Big Ideas Grant Means Big Changes for Armstrong and Morris Halls

Armstrong and Morris Halls are about to receive their first classroom renovations in recent memory—thanks to a Big Ideas grant awarded by Minnesota State Mankato President Richard Davenport.

Armstrong and Morris Hall with studentsIn February, President Davenport announced that 31 proposals had been selected to receive more than $4 million in campus funding that had been designated to support “innovative ideas proposed for advancing the mission, vision and strategic plan” of the University. The Armstrong-Morris project, led in large part by Kimberly Greer, dean of the College of Social and Behavioral Sciences, received $582,469.

“The renovations are pretty significant and extensive,” Greer says. “It’s going to look a lot different, especially for students who have been here a year or two. We’re talking about seven classrooms and a department office with the idea of different departments using them to make the rooms more responsive to 21st century learning.”

Greer, who was named Dean last July, lauded the team effort in launching the project.

“There have been a lot of faculty members involved in the design, everything from what kinds of tables and chairs we need to computers,” she says. “They came up with great ideas—for instance, finding areas in Armstrong that are more conducive to students to have a place to sit before class. These are heavy traffic areas on campus; it’s a very ambitious project, but a good one for both students and faculty.”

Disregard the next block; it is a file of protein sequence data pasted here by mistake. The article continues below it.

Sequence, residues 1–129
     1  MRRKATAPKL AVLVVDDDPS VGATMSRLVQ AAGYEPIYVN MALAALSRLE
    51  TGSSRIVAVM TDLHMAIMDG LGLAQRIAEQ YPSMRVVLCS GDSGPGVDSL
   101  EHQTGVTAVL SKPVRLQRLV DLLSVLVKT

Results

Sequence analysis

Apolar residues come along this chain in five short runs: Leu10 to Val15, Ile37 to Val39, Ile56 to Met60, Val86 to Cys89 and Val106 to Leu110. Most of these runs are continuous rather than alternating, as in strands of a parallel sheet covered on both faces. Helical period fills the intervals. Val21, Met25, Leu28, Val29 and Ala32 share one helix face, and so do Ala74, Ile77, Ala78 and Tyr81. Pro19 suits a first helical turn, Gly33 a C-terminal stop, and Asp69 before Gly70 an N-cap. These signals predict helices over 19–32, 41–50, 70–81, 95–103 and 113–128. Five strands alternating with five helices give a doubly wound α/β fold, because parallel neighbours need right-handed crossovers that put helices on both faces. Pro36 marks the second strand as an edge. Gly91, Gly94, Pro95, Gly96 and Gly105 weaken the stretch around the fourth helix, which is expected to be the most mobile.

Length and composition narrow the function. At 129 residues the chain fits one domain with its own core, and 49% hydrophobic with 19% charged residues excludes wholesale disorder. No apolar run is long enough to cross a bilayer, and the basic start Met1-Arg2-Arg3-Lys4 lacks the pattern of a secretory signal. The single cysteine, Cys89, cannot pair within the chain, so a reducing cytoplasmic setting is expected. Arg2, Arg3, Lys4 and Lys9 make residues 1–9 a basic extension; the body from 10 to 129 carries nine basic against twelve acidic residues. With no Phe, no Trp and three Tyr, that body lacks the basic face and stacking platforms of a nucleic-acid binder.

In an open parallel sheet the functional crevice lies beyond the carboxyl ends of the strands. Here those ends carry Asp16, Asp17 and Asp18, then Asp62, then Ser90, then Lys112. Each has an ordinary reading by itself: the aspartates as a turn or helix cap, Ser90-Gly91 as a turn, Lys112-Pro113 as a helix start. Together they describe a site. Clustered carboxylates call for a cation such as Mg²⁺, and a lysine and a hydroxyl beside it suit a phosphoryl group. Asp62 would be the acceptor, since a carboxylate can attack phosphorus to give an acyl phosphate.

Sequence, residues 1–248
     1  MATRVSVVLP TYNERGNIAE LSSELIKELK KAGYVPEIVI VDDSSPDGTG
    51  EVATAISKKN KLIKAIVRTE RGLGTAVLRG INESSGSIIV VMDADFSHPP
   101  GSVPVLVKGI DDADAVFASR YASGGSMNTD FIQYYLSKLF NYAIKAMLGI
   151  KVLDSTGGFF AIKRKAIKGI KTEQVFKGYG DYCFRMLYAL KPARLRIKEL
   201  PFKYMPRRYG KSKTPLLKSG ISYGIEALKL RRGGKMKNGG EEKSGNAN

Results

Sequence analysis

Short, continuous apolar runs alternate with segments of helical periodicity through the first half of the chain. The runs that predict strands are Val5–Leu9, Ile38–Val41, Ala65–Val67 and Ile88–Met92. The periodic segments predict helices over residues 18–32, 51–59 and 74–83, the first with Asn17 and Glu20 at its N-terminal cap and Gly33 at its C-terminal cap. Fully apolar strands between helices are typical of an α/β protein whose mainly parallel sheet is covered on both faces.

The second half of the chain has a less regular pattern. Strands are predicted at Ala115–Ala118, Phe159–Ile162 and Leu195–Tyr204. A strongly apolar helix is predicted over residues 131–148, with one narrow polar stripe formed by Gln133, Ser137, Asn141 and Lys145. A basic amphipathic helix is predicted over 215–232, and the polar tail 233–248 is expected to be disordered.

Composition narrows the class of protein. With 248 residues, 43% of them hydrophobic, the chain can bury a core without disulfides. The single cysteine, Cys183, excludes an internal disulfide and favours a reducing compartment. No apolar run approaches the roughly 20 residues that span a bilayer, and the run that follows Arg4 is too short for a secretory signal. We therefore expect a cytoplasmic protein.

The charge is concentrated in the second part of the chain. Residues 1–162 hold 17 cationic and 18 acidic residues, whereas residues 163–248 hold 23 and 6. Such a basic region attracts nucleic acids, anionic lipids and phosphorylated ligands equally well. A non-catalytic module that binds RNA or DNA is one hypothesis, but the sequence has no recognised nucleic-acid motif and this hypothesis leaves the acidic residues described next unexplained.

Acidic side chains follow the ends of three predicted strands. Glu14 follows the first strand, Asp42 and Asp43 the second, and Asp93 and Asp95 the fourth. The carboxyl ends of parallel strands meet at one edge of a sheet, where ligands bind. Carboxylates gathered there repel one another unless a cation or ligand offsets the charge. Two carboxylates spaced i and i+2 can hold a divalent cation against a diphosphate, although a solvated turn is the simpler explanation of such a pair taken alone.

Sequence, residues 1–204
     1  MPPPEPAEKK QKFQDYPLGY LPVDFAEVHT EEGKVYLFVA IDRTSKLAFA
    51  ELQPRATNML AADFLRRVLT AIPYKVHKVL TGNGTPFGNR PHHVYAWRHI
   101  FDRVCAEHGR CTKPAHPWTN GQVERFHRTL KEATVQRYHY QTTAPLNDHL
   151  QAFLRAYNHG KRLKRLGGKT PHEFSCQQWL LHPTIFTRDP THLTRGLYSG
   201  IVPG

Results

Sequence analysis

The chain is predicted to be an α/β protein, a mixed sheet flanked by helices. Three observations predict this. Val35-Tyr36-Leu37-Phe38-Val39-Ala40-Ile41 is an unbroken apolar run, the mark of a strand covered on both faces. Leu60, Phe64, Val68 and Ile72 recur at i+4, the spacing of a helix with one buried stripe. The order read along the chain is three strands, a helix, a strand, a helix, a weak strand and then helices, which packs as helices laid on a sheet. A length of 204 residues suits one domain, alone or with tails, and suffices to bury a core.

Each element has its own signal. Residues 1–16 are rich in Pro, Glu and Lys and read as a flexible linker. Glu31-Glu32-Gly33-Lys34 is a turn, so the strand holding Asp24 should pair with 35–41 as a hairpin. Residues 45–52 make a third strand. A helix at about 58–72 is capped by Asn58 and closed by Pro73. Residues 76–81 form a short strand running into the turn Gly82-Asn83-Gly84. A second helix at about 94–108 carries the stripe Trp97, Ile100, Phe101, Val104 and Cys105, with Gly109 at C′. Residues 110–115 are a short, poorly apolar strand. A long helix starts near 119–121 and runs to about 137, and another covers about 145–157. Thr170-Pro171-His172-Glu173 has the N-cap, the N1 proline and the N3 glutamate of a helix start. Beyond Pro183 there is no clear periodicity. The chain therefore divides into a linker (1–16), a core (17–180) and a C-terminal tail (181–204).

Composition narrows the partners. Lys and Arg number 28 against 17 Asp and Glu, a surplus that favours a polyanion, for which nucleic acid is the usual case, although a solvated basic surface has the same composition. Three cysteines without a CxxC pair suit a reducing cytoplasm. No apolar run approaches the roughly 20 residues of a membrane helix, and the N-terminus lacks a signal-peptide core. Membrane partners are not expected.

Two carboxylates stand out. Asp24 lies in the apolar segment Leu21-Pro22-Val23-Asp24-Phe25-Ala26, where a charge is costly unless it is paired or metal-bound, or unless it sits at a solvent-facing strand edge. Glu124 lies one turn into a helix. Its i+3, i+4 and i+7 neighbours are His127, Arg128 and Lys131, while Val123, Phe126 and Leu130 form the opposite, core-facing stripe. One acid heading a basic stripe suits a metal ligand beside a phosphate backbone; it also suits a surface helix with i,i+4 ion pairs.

As part of the renovations, which is being completed by Mankato-based Brunton Architects, the Geography department will move from the basement of Armstrong into Morris Hall; the Urban Studies, Corrections, Law Enforcement and History departments will also be affected.

Morris Hall in summer, with flowers out front“We hope these changes in the classroom will reflect less of a lecture (setting) and an increase in interaction among the students,” Greer says. “It’s exciting to be able to build classrooms that meet the needs of the students and the faculty that will be using them.”

The renovations were initially scheduled to commence this summer but were postponed so that heating, ventilation and air conditioning improvements could take place. Construction is expected to start at the end of the spring 2013 semester with hopes of completion by the time the fall 2013 semester begins.

Greer says her departments will need to tweak their summer class schedule during the construction. Some classes will be offered strictly online; others will have to be moved to different classrooms, and faculty may have to work in different areas.

“But we’ll make sure students will still be able to take summer classes,” she adds. “Most importantly for the students, this will elevate the learning process.”